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VitaMins Health: Wearable technology - all dressed up but where will it go?

Availability of, and interest in, wearable technology is on the rise. However, is it having as positive an impact on our physical activity, our mental health, and our life expectancy as we hope?

The history of wearable technology began in the 13th century with the invention of the first eyeglass. Bypassing many creations including the creation of the calculator wristwatch in the 1970s and the Sony Walkman in the 1980s, we fast-forward to the Apple Watch debut in 2015. Initially promoted as a fashion accessory, Apple later focused on its health and fitness orientated features.

Wearable technology now takes many forms. For example, smartwatches, fitness trackers, ECG and blood pressure monitors, biosensors, and blood glucose monitors. They are used to collect data on users’ health such as steps walked, calories burned, heart rate variability, blood pressure, body temperature and blood glucose levels.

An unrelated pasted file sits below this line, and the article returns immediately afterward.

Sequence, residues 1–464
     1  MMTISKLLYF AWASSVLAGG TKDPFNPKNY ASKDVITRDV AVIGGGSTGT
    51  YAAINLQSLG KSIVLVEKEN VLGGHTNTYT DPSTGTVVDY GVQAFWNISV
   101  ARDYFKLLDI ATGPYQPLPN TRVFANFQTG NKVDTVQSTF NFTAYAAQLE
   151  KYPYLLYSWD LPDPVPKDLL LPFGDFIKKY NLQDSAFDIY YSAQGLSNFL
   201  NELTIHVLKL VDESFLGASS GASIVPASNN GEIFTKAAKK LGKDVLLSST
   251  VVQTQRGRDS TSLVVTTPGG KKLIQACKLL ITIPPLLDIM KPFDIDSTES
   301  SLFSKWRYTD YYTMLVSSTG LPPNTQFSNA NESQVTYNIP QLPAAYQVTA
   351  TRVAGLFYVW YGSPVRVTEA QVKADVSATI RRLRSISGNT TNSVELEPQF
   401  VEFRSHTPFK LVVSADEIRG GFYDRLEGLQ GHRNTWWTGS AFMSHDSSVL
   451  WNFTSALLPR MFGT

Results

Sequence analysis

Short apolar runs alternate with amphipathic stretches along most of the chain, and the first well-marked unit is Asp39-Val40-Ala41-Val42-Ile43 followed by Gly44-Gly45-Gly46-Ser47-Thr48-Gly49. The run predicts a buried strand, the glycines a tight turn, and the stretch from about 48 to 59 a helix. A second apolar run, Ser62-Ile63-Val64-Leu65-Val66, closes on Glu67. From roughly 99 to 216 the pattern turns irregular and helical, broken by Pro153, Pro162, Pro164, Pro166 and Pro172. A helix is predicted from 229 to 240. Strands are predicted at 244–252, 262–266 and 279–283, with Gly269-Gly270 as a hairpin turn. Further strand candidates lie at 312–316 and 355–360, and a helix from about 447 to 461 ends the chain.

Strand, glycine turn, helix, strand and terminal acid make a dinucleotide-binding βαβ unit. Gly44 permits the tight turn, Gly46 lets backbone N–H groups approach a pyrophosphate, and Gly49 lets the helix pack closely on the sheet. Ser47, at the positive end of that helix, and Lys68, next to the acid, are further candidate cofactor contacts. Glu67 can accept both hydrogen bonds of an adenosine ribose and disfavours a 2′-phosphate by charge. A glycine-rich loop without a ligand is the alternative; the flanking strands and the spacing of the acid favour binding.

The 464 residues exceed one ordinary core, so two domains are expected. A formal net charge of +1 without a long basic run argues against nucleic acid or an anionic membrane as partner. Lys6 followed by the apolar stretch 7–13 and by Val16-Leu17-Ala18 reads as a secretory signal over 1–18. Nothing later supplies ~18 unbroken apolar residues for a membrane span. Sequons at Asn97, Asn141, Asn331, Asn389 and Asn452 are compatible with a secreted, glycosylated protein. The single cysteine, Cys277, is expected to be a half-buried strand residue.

Does the use of fitness trackers increase physical activity?

It’s difficult to say with certainty.

Some studies (for example, project catalyst carried out by the American Association for Retired Persons) suggest that the use of dedicated fitness trackers increase physical activities. The critics among us may have different views. Could there be a ‘healthy volunteer effect’ at play given healthier people might be more inclined to use these types of trackers? Perhaps those regularly using fitness trackers are doing so for a specific purpose e.g. to lose weight or to improve cardiovascular health (correlation does not imply causation). It’s also difficult to compare those who use dedicated fitness trackers against those who do not. How do you track those without a tracker?

What are the positive mental health implications?

Being physically active can have various health benefits, both physical and mental. Physical activity can improve brain health, reduce the risk of disease, strengthen bones and muscles reduce stress and anxiety, and reduce the risk of depression.